Presidential candidates Hillary Clinton and Donald Trump have diametrically opposed opinions about the theory humans are causing catastrophic climate change and what government policies ought to be created, if any, to address such concerns. They present an opportunity for voters to expand or reject President Barack Obama’s war against fossil fuels.
Clinton and her fellow Democrats want to expand on Obama’s policies. On the campaign trail, Clinton called climate change “an urgent threat and a defining challenge of our times,” and the Democratic Party’s 2016 platform reinforces this view, calling climate change an “urgent and severe threat” requiring a response “on a scale not seen since World War II.”
Clinton and the Democrats promise to continue to expand Obama’s restrictions on cheap, clean, widely available energy sources as part of their plan to offer “a robust global solution to the climate crisis.”
Trump rejects those claims. In a September 21, 2015, appearance on conservative personality Hugh Hewitt’s radio show, Trump said, “I’m not a believer in man-made global warming. Obama thinks it’s the number-one problem of the world today, and I think it’s very low on the list. … We have much bigger problems.”
Trump’s view reflects that of most Americans and a majority of people around the world. In repeated surveys, the U.S. public ranks climate change as last or close to last among issues of concern, far behind problems such as crime, the economy, education, energy prices, health care, immigration, national security and taxes. People in developing countries tend to see climate change as even less important. Basic problems such as access to clean water, food availability, and political corruption are their big concerns.
Trump says Obama’s policies for fighting climate change are harming the United States, and he has committed to reversing many of the Environmental Protection Agency’s regulations that limit Americans’ ability to produce and use fossil fuels.
Only time will tell whether humans are causing climate change and whether its effects will be catastrophic, but the science suggests no panic is in order. The climate is changing now and always has changed, just as ecosystems change and temperatures fluctuate naturally. The year 2015 may have been the warmest on record — if you believe politically adjusted, ground-based temperature station data. But if you consider satellite and weather balloon data, 2015 was a warm year that probably did not break any records.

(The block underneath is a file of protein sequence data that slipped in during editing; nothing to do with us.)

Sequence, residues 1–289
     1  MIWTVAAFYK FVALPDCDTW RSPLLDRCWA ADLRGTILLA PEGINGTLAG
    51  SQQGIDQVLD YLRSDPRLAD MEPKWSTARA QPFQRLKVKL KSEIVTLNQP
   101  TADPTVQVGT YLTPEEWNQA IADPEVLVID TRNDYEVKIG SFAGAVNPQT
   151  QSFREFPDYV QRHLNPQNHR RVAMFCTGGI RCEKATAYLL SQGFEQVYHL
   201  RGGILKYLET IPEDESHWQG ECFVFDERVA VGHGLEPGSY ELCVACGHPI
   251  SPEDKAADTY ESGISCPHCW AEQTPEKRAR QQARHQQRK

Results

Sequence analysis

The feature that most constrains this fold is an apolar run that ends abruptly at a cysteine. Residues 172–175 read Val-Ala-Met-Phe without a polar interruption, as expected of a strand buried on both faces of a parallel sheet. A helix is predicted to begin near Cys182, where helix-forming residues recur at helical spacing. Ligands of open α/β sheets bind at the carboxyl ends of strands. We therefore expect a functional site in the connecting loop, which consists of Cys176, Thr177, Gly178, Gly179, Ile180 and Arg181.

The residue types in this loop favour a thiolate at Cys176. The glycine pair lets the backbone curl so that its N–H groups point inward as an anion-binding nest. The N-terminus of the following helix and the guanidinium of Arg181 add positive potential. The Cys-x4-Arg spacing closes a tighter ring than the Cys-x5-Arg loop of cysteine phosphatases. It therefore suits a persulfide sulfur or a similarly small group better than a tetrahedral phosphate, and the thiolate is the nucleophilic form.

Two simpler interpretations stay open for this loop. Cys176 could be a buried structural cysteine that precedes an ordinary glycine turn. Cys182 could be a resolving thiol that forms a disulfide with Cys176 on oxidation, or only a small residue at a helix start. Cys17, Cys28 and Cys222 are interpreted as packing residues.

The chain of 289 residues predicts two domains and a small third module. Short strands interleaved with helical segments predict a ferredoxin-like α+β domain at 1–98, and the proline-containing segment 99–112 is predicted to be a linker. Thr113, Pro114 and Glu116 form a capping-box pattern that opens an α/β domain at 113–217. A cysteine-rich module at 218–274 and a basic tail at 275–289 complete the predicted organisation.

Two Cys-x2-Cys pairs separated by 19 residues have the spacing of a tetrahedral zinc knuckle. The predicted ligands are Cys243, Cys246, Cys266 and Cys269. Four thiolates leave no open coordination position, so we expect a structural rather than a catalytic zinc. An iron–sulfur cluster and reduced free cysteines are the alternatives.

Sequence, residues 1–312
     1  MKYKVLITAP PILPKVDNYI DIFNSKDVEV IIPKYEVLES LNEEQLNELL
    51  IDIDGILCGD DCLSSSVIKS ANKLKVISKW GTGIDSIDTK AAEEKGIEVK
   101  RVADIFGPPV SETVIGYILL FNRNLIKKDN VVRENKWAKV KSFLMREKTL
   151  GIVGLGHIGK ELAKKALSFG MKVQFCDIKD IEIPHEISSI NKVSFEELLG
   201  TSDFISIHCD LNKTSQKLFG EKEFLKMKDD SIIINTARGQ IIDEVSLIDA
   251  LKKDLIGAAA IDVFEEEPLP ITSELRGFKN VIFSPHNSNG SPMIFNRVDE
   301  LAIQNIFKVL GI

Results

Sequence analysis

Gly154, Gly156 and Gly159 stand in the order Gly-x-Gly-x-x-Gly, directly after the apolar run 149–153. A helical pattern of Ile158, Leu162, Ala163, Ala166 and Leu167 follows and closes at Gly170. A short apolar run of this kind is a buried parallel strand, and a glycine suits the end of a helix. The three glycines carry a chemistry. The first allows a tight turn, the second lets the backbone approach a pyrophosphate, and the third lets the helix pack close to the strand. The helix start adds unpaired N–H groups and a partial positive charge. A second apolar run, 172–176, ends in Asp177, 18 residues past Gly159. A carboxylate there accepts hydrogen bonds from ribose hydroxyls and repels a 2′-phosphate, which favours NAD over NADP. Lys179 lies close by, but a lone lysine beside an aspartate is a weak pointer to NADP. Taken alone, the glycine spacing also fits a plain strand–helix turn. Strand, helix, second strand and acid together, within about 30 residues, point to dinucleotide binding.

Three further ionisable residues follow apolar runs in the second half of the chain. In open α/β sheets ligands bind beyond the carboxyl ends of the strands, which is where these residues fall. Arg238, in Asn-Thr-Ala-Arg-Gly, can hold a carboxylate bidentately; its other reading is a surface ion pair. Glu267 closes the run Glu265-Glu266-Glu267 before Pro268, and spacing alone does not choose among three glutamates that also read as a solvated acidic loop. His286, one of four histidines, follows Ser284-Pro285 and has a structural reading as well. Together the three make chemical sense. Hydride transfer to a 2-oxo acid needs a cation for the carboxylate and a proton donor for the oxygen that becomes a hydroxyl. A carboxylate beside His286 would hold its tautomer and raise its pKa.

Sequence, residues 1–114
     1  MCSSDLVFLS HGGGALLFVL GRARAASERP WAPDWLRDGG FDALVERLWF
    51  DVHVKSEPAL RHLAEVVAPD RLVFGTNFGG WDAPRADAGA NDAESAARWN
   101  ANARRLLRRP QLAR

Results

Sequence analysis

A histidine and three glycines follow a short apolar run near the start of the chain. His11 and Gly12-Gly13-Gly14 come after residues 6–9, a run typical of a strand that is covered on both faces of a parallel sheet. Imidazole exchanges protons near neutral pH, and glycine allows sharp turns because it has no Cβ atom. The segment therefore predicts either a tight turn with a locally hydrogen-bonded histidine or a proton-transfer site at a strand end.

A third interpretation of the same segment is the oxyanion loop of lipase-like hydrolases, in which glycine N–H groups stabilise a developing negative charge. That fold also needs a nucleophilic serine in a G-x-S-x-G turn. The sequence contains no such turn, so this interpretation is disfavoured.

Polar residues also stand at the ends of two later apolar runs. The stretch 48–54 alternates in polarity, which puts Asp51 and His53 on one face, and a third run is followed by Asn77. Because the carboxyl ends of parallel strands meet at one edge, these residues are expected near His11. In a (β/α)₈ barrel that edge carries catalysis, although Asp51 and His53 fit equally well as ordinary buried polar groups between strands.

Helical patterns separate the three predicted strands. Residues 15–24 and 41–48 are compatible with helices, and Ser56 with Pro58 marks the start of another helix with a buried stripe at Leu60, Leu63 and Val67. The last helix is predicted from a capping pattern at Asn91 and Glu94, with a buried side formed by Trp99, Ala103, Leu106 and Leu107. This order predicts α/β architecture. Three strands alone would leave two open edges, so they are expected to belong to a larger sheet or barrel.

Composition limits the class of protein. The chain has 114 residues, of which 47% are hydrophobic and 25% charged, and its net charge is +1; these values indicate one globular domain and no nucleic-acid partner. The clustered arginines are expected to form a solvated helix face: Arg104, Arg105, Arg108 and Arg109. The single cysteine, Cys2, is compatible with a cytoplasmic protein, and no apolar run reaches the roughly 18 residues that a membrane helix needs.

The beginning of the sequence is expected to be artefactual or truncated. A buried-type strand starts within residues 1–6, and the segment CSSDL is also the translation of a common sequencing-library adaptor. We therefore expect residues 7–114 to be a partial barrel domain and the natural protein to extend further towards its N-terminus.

Numerous published papers show Earth is much less sensitive to atmospheric carbon-dioxide levels than climate models have assumed. Contradicting the climate models, Earth’s recent warming paused for more than 18 years, despite continuously rising carbon-dioxide levels. In fact, in each year, the gap between the temperatures climate models predicted and what actually occurred grew and continues to grow.
What about the many predicted climate disasters? It’s true sea levels are rising. They’ve risen more than 400 feet since the end of the most recent ice age. But nearly all the sea level rise occurred before the Industrial Revolution and the widespread use of fossil fuels. Contrary to Clinton’s claims, sea levels are rising more slowly now than they have for the vast majority of the past four centuries, and there’s no sign the rate has accelerated recently.
In fact, the climate news is overwhelmingly good. Antarctic sea ice, snow and ice cover are growing. Polar bears are thriving, with their overall numbers stable or increasing. Hurricanes are at or near record lows in frequency and strength. Instances of drought and flood are well within historic norms. Plant coverage is expanding, with deserts being reclaimed naturally and crop yields regularly setting records. Fewer lives are being lost to climate-related events, relative to population size, than at any other time in recorded history.
All these facts contradict the climate model projections, and they are documented extensively in the multi-volume, peer-reviewed scientific reports issued by the Nongovernmental International Panel on Climate Change.
Scientists increasingly recognize these facts as contradicting the climate doom scenarios, as documented in the book “Why Scientists Disagree About Climate Change.” A report released by the National Academy of Sciences states, “Because there is considerable uncertainty in current understanding of how the climate system varies naturally and reacts to emissions of greenhouse gases and aerosols, current estimates of the magnitude of future warming should be regarded as tentative and subject to future adjustments (either upward or downward).”
As the academy observes, the available evidence shows it is way too early for politicians to commit the world to costly actions limiting access to reliable, inexpensive energy. The two presidential candidates provide a stark choice between facts and speculation regarding climate change.